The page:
allow us to spend quality time with our children. We get caught up in the everyday activities of life and we fail to recognize what is most important to us, our children and their future. The Jones family feels helpless and frustrated. Their expectations for their child are not being met. They thought life would be easy for them, but their expectations do not take into consideration the reality of their child’s disorder. They are disappointed and upset. They blame themselves for their child’s
These parents have to supervise, monitor, teach, organize, plan, structure, reward, punish, guide, buffer, protect, and nurture their child far more than the typical parent. inability to succeed at school and to form relationships with others. What the Jones family fails to understand is why their child acts and reacts to given situations. They don’t understand that their child has a disorder and has difficulty focusing and concentrating on their commands. They don’t understand that their child’s impulsivity is a part of the disorder. Their child is confused and doesn’t know why he behaves the way he does. As one child said to their mother, “I don’t understand why I act the way I do, please help me mommy.” Their child feels out of control. The Jones family is under constant stress. The family reacts to situations as opposed to being proactive. They fail to plan for winning outcomes. They take things person-
ally, and think their child is just acting out. Their child isn’t acting out, but is just asking for love in the most unloving way. A family with an ADHD or ODD child needs to take control of the situation. Be proactive. Far too often, we react to our children’s behavior on impulse without regard to the consequences and with no plan for what we are trying to achieve. Seeing a situation from a reactive frame of mind can make things look hopeless. It is not what your child does to you that creates these problems, but your response. Take the initiative to change what you do not like in the way you react to your child, and accept the responsibility to make the relationship happen in the way your want it to develop. Spend time with your child. Spend special time with your child each day. Be with them for 20 minutes a day in a non-judgmental way. These children are seeking your attention. Spending quality time with your child without giving directions or judgments is the first step in the process of reconnecting with your child. Be consistent. Children with ADHD lack the ability to plan, to be organized and stay focused. This creates confusion as to what behavior is appropriate in a given situation. This can create a feeling within them of instability, lack of safety and lack of control. Being consistent can help provide them with a safe structure and controlled environment in which they can function at a more productive level. Plan with the end in mind — be goal oriented. All interactions between individuals are a form of negotiation. Don’t just concentrate on what you want your child to do. Concentrate on setting up a behavioral management plan that is goal oriented and achievable. This will enable a child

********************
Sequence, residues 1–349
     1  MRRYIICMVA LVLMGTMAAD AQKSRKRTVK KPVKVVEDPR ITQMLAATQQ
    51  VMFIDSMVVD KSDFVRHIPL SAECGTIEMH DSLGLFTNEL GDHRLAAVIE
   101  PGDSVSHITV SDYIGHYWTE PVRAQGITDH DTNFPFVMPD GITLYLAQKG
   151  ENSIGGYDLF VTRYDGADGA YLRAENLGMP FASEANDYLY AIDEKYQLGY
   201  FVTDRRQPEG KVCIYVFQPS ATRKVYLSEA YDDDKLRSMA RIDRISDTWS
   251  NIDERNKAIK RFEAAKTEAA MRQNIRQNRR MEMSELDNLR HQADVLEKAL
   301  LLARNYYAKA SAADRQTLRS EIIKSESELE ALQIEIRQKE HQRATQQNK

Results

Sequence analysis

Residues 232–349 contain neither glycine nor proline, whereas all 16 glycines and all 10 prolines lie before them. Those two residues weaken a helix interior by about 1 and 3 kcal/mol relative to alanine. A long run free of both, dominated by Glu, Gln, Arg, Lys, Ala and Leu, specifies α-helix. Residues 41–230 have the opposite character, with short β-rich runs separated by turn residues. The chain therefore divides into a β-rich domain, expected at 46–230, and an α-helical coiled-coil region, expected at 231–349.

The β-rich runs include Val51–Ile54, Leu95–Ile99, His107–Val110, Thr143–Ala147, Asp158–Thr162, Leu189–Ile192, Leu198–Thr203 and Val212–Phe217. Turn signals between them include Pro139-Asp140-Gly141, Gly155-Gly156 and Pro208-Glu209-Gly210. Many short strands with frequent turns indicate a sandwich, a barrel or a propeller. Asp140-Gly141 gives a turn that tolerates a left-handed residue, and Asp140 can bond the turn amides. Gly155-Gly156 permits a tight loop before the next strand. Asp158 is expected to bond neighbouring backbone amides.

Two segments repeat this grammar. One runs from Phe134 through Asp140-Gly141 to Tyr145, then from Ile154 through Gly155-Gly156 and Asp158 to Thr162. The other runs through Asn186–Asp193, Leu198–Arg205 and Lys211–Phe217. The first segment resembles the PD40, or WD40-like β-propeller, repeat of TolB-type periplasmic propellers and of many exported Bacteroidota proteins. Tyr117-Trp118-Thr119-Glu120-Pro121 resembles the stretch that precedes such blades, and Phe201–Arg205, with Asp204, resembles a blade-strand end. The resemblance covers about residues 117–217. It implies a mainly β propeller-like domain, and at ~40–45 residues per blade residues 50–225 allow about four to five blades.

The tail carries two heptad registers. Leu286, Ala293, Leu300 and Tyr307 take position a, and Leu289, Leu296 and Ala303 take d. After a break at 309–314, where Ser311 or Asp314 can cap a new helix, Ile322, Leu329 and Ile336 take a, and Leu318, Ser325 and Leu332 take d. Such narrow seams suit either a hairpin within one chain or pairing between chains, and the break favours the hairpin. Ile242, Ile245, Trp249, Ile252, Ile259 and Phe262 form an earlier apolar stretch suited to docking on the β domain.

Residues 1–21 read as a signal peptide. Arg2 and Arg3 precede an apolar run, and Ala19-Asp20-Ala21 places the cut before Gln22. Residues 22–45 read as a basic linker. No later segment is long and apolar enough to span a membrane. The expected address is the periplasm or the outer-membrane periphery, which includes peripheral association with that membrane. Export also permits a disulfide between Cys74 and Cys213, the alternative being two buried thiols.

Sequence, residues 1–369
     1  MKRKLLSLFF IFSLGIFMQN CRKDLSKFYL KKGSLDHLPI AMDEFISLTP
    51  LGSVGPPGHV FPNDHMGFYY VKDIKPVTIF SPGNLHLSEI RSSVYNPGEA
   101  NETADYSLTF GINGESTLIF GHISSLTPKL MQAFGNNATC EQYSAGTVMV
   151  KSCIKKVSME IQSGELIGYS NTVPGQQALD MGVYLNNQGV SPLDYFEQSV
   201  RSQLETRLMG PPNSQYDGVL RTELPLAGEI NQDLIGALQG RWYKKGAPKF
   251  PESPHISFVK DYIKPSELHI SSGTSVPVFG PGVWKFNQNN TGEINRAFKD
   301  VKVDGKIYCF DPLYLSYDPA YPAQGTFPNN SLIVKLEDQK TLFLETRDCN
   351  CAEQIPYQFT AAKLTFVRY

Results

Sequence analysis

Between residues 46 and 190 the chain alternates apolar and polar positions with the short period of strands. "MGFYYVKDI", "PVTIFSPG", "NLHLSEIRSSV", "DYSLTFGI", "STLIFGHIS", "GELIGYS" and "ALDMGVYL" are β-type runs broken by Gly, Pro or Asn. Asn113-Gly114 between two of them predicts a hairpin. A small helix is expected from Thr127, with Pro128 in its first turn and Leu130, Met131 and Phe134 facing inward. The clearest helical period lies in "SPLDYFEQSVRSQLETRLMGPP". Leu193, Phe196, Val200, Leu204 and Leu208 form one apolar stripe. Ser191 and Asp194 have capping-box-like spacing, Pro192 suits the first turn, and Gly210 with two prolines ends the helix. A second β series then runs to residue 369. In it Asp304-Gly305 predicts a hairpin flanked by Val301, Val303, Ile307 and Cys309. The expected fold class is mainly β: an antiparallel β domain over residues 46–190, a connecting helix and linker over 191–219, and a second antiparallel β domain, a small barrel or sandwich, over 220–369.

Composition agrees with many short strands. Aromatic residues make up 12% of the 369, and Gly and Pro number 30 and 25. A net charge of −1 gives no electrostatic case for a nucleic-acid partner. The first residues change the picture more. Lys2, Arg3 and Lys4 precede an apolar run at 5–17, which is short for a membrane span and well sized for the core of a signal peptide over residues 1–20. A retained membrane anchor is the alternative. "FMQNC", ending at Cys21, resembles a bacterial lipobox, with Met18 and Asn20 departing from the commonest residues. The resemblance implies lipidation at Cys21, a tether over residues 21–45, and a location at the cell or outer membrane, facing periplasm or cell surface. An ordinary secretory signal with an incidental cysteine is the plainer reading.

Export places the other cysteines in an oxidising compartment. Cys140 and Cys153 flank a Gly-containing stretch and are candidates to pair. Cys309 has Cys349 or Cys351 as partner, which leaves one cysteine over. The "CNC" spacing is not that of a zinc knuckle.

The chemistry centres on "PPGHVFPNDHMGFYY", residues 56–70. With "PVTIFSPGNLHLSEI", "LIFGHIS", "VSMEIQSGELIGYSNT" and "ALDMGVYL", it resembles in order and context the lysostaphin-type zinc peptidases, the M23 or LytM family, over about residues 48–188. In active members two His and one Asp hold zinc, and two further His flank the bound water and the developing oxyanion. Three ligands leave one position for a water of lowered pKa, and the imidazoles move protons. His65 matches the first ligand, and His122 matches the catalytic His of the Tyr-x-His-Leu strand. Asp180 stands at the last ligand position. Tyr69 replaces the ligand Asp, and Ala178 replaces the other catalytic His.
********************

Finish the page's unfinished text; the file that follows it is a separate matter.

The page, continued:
act to feel successful and improve their self-esteem. The life plan is based upon wants instead of immediate needs and teaches them the ability to think and plan in a proactive way. Take care of yourself. Too often, parents of ADHD children devote too much of their time and energy to their children and, in the process, exhaust themselves. Failing to take time to renew yourself physically, mentally, socially, emotionally and spiritually can cause you to shut down and have less time and energy to devote to your child. The best gift you can give yourself is the gift of self-renewal. Use a collaborative approach. ADHD in children often requires medical, education, behavioral, and psychological intervention. This comprehensive multi-modal approach to treatment often includes: s 0ARENT TRAININGS s "EHAVIOR INTERVENTION STRATEGIES s !N APPROPRIATE EDUCATIONAL PROGRAM s %DUCATION ON !$($ s )NDIVIDUAL AND FAMILY COUNSELING s -EDICATION WHEN APPROPRIATE Parent Trainings are often the first step in the learning process. Trainings help educate parents to better understand the nature of the disorder. Conducting meetings in a group approach allows parents to share their experiences with others in a caring and supportive environment. Parents learn how to manage their children on a day to day basis. Trainings help relieve stress in families, bringing them closer together. Life may still feel like a balancing act, but parents who rise to the occasion often feel a greater sense of accomplishment and bring parenting to a higher level. %LAINE ,ERNER -37 #37 IS AN !$($ !$$ AND /$$ 0ARENT 4RAINER 3HE TRAINED WITH 2USSELL "ARKLEY 0H$ AN INTERNATIONALLY RECOGNIZED AUTHORITY ON !$($ 3HE CONDUCTS 0ARENT 4RAIN-
INGS IN 'ARDEN #ITY ,YNBROOK AND (AUPPAUGE (ER MAILING ADDRESS IS 0/ "OX 'REAT .ECK .9 (ER OFFICE IS LOCATED AT TH 3TREET
3UITE 'ARDEN #ITY .9 0HONE &AX %MAIL ELAINE ADHDPARENTTRAINERCOM ÂŠ www.ADHDParentTrainer.com June 2010 â€˘ QUEENS Family 23
Special Needs Di r ec to ry Forest Hills West School 63-25 Dry Harbor Road, Middle Village, 718-639-9750
NYS certified teachers and therapists use a team approach to provide a nurturing learning environment
s %ARLY #HILDHOOD AND 3PECIAL %DUCATION 0RESCHOOL s )NTEGRATED #LASSES $EVELOPMENTALLY !PPROPRIATE 0RACTICE s /NGOING 3TAFF $EVELOPMENT s 3TATE %D !PPROVED %VALUATION 3ITE %NGLISH3PANISH s 5NIVERSAL 0RE + s 7INNER OF .93 /UTSTANDING %ARLY #HILDHOOD !WARD
Licensed by NYC Department Of Health Bureau of Day Care